Parkview Health Logo

How can deep breathing help with stress?

Last Modified: April 09, 2024

Healthy Mind, Family Medicine


Breathing exercises are powerful tools for promoting relaxation, reducing tension and relieving stress. As we discuss some of the methods and techniques, remember that breathing exercises are not a replacement for professional intervention if you suffer from anxiety, depression or another mental health condition. They are simply another tool to keep in your toolbox.

Why breathing exercises work

When you breathe deeply, your brain sends a message to calm down and relax. The brain then relays this message to your body. When you are stressed, the body responds with an increased heart rate, fast breathing and high blood pressure. Breathing techniques can help address all of these symptoms.

See what a mindfulness expert has to say about the breath.


Breathing exercises are easy to learn and can be performed anywhere, as they don’t require any special equipment. Below, we will go through the steps for three popular techniques, but there are so many methods to explore. We encourage you to search online, download an app or speak to your provider to discover more approaches that could offer relief. 

Morning breathing

Try this exercise when you first get up in the morning to relieve muscle stiffness and clear clogged breathing passages. You can also use it throughout the day to relieve back tension.

  1. From a standing position, bend forward at the waist.
  2. Keep your knees slightly bent and let your arms dangle close to the floor.
  3. Breathe in slowly and deeply. As you breathe in, return to a standing position by rolling up slowly, lifting your head last.
  4. Hold your breath for just a few seconds in this standing position.
  5. Breathe out slowly. As you breathe out, return to your original position, bending forward from the waist.

Repeat as many times as you like. Give yourself a moment of mindfulness to notice and note how you feel at the end of the exercise.

Belly breathing (diaphragmatic breathing)

Breathing with your diaphragm, also called diaphragmatic breathing (belly breathing), helps your lungs expand so that they take in more air. To perform this method:

  1. Lie on your back. You can put a small, rolled towel behind your neck or use a pillow for comfort. You can also prop yourself up on several pillows if you prefer.
  2. Put your left hand on your belly and your right hand on your chest. Notice how your hands move as you breathe in and out.
  3. Practice filling your lower lungs by breathing so that your "belly" (left) hand goes up when you inhale and your "chest" (right) hand remains still. Keep your shoulders relaxed and don't shrug. Always breathe in through your nose and breathe out through your mouth. Repeat 8 to 10 times.
  4. When you have filled and emptied your lower lungs 8 to 10 times, add the second step to your breathing. Inhale first into your lower lungs as before, and then continue inhaling into your upper chest. As you do so, your right hand will rise and your left hand will drop slightly as your belly falls.
  5. As you exhale slowly through your mouth, make a quiet, whooshing sound as first your left hand (belly) and then your right hand (chest) fall. As you exhale, feel the tension leaving your body as you become more and more relaxed.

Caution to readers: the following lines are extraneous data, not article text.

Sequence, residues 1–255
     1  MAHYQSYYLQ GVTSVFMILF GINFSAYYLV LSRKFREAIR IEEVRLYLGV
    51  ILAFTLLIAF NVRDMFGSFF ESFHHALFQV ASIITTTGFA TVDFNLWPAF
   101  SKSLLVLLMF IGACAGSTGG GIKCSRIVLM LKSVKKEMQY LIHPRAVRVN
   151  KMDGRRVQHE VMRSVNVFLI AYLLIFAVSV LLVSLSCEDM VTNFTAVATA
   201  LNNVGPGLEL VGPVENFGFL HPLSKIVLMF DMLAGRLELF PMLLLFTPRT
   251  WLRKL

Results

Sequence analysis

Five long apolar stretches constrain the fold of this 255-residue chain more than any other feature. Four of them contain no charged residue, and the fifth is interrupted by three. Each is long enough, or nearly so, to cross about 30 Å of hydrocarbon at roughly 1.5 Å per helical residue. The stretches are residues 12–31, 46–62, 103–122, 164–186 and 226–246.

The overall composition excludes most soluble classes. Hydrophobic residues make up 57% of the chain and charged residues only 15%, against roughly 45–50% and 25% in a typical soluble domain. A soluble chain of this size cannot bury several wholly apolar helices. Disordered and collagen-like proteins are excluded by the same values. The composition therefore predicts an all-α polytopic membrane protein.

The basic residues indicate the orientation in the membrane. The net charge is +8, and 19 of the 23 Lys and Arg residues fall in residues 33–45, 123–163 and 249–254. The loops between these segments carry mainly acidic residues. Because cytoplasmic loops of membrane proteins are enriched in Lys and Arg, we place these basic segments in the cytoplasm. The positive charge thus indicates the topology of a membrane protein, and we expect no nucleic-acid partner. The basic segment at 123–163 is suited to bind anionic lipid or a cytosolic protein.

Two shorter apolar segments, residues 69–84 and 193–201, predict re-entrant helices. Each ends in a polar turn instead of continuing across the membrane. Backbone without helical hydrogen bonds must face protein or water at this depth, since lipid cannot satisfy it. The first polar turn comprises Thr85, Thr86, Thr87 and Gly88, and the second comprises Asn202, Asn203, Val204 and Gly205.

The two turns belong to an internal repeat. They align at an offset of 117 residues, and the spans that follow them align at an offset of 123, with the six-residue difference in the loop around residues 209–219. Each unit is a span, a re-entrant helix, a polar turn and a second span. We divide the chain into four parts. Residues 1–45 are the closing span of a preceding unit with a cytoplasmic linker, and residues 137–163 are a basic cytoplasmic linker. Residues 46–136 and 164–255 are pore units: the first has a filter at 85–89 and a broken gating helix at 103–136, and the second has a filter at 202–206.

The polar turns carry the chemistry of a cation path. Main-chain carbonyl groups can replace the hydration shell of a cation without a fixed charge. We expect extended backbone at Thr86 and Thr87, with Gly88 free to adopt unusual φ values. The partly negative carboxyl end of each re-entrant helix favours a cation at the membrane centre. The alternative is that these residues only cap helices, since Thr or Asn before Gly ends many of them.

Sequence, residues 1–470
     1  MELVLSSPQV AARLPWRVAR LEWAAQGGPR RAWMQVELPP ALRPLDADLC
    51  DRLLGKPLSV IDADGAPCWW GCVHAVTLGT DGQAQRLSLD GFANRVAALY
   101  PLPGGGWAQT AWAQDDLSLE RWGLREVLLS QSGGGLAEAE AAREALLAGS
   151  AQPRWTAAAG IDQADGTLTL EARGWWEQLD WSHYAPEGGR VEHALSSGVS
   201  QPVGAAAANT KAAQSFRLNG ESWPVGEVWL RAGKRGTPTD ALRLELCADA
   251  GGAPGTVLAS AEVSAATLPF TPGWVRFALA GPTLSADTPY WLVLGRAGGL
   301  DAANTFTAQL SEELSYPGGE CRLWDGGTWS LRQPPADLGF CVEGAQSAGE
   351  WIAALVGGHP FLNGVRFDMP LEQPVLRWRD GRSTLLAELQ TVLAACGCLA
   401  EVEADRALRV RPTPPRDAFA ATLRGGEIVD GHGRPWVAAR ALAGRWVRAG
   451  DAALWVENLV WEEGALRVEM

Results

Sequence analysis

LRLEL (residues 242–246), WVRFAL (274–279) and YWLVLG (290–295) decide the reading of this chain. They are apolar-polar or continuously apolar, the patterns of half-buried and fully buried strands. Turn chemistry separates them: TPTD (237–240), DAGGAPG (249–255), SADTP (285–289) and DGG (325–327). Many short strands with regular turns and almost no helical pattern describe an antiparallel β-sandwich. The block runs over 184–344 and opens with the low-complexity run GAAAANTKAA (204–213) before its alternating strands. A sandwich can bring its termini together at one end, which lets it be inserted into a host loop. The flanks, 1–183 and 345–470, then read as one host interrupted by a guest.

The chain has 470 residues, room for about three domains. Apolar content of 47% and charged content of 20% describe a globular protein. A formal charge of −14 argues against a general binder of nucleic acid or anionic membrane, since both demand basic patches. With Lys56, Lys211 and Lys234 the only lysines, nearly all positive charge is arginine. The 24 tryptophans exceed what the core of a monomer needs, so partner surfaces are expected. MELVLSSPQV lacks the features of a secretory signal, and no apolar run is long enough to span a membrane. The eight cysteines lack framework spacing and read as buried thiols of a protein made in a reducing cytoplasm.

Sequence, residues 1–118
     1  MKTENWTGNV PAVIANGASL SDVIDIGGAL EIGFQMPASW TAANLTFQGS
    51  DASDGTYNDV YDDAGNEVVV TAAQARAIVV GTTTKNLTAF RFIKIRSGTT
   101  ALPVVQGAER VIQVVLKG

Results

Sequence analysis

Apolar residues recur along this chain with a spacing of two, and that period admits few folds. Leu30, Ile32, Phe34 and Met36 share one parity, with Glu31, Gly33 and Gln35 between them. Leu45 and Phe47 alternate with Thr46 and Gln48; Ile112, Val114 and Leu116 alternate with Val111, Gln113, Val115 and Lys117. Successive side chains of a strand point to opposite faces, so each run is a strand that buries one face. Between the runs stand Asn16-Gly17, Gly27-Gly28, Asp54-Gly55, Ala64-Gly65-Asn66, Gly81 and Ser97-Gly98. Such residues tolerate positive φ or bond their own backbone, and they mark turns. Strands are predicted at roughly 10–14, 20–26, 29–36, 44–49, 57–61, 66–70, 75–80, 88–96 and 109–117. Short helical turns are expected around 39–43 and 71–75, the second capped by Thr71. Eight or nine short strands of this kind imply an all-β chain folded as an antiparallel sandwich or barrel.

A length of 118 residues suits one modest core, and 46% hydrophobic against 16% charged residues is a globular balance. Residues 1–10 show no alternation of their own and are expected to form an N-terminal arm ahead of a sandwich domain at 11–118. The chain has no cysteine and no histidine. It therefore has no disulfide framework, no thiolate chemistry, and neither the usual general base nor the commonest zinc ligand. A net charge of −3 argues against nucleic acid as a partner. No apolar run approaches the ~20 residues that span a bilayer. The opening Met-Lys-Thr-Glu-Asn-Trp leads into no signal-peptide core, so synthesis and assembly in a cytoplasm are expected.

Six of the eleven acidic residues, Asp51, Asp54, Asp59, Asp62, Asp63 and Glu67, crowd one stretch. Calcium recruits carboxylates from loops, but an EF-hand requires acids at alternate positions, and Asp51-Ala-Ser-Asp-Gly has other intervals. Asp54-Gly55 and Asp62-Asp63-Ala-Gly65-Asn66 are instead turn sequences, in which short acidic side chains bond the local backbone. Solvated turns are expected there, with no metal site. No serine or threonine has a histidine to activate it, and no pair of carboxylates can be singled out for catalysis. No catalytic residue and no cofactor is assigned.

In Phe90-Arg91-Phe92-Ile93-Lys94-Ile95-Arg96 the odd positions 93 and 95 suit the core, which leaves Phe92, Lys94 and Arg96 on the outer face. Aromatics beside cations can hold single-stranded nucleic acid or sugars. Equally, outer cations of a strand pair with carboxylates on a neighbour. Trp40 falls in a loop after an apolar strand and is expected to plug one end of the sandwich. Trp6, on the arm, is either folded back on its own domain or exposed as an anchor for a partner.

6. Practice breathing in and out in this way for 3 to 5 minutes. Notice that the movement of your belly and chest rises and falls like the motion of rolling waves.

Give yourself a moment of mindfulness to notice and note how you feel at the end of the exercise.

4-7-8 belly breathing

This method of belly breathing involves counting as a way to incorporate longer exhales, aiding in relaxation.

  1. Lie on your back or sit in a comfortable position. When lying down, you can put a pillow under your head and knees.
  2. Put one hand on your belly just below your ribs and the other hand on your chest.
  3. Take a deep, slow breath through your nose and into your belly. Silently count to 4 as you breathe in. You should feel the hand on your belly move out, while the hand on your chest does not move. Hold your breath, and silently count from 1 to 7.
  4. Breathe out through your mouth. Breathe out completely as you silently count from 1 to 8. Try to get all the air out of your lungs by the time you count to 8.

Repeat these steps 3 to 5 times. Give yourself a moment of mindfulness to notice and note how you feel at the end of the exercise.

More resources

If you found this post helpful, you might enjoy these articles from the Parkview Dashboard.

Calm is just around the corner

How to use tapping to ease an anxious mind

The art of sway - a time for grace

Five ways to protect your heart from stress

Bringing mindfulness into your home

Tips for managing anxiety during continuous change

Guided meditation for intentional pause

The power of walking meditation

If you are struggling with symptoms and seeking professional assistance, the Parkview Behavioral Health HelpLine is available 24 hours a day at 260-471-9440 or 800-284-8439. Our experienced specialists can answer your questions, provide recommendations and help arrange care.














Copyrighted material adapted with permission from Healthwise, Incorporated. This information does not replace the advice of a doctor.


Related Blog Posts

View all posts